- Understand different theories of childhood and be able to evaluate how such theories can assist in understanding and critiquing relevant policies and practices
- Be at the forefront of knowledge of children's rights and their implications for policies and practices
- Be attentive to issues of inclusion and anti-discrimination, in relation to the above
- Have up-to-date, cross-national and international perspectives, in relation to the above
- Be able to communicate the above effectively to others, in writing and verbally
|Indicative Reading |
Aitken, S., Lund, R., and Kjorholt, A.T. (Eds.) (2008) Global Childhoods: Globalization, Development and Young People, Abingdon: Routledge.
Alanen, L. and Mayall, B. (Eds.) (2001) Conceptualizing Child-Adult Relations, Abingdon: Routledge/ Falmer Press.
Archard, D. (2004) Children: rights and childhood, 2nd Edition, Abingdon: Routledge.
Freeman, M.A. (ed) (2004) Children's Rights, Volumes I and II, Aldershot: Ashgate.
General Assembly of the United Nations (1989) The Convention on the Rights of the Child, Adopted by the General Assembly of the United Nations on 20 November 1989. http://www.unicef.org/crc/
General Assembly of the United Nations (1989) The Convention on the Rights of the Child, Adopted by the General Assembly of the United Nations on 20 November 1989. [UN Convention] http://www.unicef.org/crc/
Invernizzi, A. and Williams, J. (Eds.) (2008) Children and Citizenship, London: Sage.
James, A. and James, A. (2008) Key Concepts in Childhood Studies, London: Sage.
James, A., Jenks, C. and Prout, A. (1998) Theorizing Childhood, Cambridge: Polity Press.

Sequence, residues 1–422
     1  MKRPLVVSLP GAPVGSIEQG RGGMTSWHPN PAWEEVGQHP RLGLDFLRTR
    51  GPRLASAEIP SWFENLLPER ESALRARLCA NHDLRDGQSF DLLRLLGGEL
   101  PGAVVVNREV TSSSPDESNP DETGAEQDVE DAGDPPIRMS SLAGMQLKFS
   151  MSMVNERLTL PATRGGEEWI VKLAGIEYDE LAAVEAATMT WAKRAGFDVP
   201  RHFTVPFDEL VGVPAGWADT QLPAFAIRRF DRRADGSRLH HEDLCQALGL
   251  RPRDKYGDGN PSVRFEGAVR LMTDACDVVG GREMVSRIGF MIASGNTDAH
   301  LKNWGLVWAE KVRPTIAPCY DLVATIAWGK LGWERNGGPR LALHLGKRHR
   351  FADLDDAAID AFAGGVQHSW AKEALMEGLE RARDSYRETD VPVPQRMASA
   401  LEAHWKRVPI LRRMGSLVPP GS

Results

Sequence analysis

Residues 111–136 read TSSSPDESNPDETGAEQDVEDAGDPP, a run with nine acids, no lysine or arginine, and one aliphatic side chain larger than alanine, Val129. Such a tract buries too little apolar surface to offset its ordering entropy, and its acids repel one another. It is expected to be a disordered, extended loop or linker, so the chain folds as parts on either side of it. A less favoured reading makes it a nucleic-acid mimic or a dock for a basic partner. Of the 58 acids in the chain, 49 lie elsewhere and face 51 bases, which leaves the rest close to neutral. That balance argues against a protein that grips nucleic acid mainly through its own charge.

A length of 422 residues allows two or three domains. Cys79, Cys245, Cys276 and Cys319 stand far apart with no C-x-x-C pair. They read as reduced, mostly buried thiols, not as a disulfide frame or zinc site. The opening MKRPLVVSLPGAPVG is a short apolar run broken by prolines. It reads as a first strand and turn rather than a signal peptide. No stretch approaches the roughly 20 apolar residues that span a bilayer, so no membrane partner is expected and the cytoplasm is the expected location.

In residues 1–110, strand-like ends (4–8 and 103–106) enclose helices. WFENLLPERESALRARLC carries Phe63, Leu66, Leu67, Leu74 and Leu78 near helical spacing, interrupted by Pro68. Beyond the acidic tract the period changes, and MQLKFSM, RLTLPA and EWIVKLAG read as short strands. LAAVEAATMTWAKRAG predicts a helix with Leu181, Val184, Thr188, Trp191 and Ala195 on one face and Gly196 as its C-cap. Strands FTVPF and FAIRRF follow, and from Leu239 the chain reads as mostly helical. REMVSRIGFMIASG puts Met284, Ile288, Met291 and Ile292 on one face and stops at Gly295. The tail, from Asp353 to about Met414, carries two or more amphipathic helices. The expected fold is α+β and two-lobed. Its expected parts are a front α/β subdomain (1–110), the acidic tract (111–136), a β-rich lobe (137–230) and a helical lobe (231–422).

Prout, A. (2005) The Future of Childhood, London: Routledge/ Falmer.
Qvortrup, J., Bardy, M., Sgritta, G. and Wintersberger, H. (Eds.) (1994) Childhood Matters. Social Theory, Practice and Politics, European Centre, Vienna. Aldershot: Avebury.
Smith, P.K., Cowie, H. and Blades, M. (2003) Understanding Children's Development, 4th Edition, Oxford: Blackwell.
UN Committee on Rights of the Child: Country Reports and concluding remarks http://www2.ohchr.org/english/bodies/crc/
Wells, K. (2009) Childhood in a Global Perspective, Bristol: Policy Press.
|Graduate Attributes and Skills
||1. Experience in accessing and critically analysing policy documents and reports, including web resources
2. Advanced academic skills in locating relevant resources
3. Taking responsibility for your own work, particularly in relation to independent learning and policy/ practice analysis
4. Demonstrating leadership and group work skills, in being part of autonomous working groups with set outcomes
|Course organiser||Prof Kay Tisdall
Tel: (0131 6)50 3930
|Course secretary||Ms Nicole Develing-Bogdan
Tel: (0131 6)51 5067